The Cowboys had a top-five defense in terms of points allowed. They were in the top 10 in many advanced metrics as well, including EPA per play allowed, and perhaps surprisingly that was true both in terms of pass defense and run defense. But they were exposed by the Packers in the playoffs, giving up 41 points to Jordan Love and Co. The thing about the defense was that it was heavily reliant on splash plays. This isn’t an official stat, but it’s something that can help paint a picture of how this defense functioned. There were 155 plays in which the defense recorded an interception, a forced fumble, a sack, a tackle for a loss, or a fourth-down stop. Only Baltimore and Cleveland racked up splash plays at a higher rate.

Looking at the team’s success rate allowed, which measures how well a defense prevented its opponent from getting in a better position to score on a play-to-play basis, Dallas was merely “very good” against the pass, and boosted by its 26 takeaways (shoutout to DaRon Bland for putting his name in the history books). Facing designed runs, however, Dallas was the worst in the NFL on a play-to-play success rate level.

The Cowboys have been among the league’s best at generating these big plays under defensive coordinator Dan Quinn. But the general consensus is that this isn’t a sustainable way to build a defense, and if Quinn gets a head coaching gig this summer, we might see the defense take a real step back from its impressive run over these past three years.

Mike McCarthy’s 61 percent aggressiveness

McCarthy took over playcalling duties this season, and overall the offense sure seemed to work. He was conservative with Prescott early in the year, most likely trying to avoid the interception-prone season we saw in 2022. But one area where McCarthy was decidedly not conservative was with his fourth-down decisions. Not all such decisions are made equal—but attempts have been made to quantify just how many percentage points of win probability teams are gaining or losing by going for it on fourth down versus punting. On fourth-down plays in which the Cowboys stood to gain at least 1 percentage point of win probability by going for it (as opposed to punting or kicking a field goal), they left the offense on the field 61 percent of the time—the sixth- highest rate in the NFL. They converted a first down 64 percent of the time.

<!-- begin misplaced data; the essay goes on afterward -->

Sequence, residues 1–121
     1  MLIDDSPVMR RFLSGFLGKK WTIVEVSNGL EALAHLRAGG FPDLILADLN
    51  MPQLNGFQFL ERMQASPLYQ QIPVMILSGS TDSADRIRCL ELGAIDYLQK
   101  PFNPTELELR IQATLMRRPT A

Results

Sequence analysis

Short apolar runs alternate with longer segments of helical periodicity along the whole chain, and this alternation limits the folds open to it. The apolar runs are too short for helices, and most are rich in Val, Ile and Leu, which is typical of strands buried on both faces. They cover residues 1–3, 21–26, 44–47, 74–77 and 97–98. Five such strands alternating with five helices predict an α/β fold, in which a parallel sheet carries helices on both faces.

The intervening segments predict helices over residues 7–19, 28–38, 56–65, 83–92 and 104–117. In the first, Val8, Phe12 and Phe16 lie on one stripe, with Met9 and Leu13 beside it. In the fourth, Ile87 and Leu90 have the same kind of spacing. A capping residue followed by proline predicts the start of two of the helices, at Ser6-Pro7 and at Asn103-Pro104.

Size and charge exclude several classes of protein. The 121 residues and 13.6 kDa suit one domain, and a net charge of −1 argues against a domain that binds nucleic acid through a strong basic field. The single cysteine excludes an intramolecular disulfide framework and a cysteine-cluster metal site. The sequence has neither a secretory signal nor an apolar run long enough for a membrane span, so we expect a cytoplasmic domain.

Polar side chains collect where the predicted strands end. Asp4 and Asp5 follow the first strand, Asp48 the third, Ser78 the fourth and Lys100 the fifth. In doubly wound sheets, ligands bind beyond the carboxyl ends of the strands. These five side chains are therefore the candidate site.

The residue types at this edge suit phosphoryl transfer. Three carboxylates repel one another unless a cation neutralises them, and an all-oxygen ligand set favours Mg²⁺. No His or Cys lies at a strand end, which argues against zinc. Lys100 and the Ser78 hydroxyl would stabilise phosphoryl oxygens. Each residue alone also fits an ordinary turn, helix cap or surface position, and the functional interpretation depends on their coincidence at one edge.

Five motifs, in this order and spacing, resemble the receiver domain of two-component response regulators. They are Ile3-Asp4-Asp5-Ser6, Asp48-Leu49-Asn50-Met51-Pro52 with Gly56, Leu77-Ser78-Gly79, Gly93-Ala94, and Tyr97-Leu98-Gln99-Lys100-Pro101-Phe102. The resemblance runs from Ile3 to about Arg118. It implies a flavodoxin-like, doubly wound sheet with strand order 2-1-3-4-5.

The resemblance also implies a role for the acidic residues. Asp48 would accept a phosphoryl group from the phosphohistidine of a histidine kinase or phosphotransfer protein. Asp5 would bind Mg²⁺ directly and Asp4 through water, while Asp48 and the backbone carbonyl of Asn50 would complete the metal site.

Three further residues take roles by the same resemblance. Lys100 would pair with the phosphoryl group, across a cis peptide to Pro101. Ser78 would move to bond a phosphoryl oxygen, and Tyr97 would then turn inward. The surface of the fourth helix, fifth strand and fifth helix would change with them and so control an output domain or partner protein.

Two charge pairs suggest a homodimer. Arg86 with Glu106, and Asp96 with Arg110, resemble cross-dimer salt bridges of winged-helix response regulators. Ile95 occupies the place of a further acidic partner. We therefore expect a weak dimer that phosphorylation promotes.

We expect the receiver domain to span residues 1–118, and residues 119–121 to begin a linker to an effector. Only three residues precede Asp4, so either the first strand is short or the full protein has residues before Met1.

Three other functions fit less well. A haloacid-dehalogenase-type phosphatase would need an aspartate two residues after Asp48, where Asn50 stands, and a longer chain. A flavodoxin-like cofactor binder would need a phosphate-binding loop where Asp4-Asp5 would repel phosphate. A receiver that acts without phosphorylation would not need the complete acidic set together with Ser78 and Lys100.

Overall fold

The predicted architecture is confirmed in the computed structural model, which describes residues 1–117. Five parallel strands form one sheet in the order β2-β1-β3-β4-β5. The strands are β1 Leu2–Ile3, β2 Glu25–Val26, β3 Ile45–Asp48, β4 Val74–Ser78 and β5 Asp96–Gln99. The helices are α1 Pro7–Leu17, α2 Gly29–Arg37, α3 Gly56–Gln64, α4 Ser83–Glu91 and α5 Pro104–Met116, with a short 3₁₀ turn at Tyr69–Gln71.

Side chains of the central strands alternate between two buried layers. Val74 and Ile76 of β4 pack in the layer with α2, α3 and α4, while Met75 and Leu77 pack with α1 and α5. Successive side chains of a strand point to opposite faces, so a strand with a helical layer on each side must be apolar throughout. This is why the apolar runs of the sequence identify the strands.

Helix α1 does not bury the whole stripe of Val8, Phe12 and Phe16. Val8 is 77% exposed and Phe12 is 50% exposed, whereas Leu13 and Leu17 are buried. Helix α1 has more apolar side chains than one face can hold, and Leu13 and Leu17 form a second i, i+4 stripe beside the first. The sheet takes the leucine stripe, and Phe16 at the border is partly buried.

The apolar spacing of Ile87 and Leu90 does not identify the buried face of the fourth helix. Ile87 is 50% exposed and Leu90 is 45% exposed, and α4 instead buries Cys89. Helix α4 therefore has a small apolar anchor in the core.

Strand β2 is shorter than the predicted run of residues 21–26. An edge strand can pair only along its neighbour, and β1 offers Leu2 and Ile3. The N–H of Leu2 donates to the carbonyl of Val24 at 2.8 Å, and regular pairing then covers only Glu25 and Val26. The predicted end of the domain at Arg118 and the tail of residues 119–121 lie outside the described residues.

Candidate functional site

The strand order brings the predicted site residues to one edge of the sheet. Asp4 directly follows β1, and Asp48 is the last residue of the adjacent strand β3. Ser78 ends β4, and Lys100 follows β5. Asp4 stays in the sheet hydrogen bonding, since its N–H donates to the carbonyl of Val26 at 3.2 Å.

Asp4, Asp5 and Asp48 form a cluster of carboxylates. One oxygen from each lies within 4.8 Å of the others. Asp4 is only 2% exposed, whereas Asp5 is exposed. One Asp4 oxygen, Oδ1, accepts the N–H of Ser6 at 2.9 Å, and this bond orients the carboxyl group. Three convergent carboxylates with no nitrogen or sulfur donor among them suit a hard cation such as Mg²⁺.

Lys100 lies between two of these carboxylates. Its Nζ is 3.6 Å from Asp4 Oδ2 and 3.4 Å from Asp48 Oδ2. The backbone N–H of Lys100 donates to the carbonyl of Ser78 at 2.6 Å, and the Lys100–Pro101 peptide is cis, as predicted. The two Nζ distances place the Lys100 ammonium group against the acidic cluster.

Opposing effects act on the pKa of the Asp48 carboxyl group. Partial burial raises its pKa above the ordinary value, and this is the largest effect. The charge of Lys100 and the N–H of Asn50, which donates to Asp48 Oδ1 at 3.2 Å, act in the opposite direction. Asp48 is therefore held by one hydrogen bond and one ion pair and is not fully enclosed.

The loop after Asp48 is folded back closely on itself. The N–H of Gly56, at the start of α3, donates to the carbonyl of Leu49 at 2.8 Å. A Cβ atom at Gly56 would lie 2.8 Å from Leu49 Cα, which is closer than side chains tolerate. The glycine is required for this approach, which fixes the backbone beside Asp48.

McCarthy has consistently coached teams that tend to be more aggressive on fourth down. Over his last four seasons in Green Bay, only the Ravens went for it more often in these situations than McCarthy’s Packers. In 2023, his 61 percent go-rate was significantly higher than it was over the previous two years, when it was just under 50 percent.

This is but one small piece of the coaching puzzle, but it’s good to know that Dallas has a coach/playcaller who is willing to leave his high-powered offense on the field to try to score more points. If he can rein in the penalties, he might just have a first-round bye on his hands.

The Cowboys didn’t get the ending to the season they’ve been searching to achieve for 28 years now. We most likely won’t see many huge changes to the team this offseason, and whether that’s good or bad is up to the reader. The important thing is that there was still plenty to love about the 2023 season—from Lamb to a big-play defense, the Cowboys continue to have an arsenal of tools to win football games. But that will only feel so good until they convert that regular-season momentum into playoff success


Dan Morse

Dan Morse

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Dan covers the Cowboys for StrongSide. He is a Pacific Northwest native & self-described nerd who has been covering the…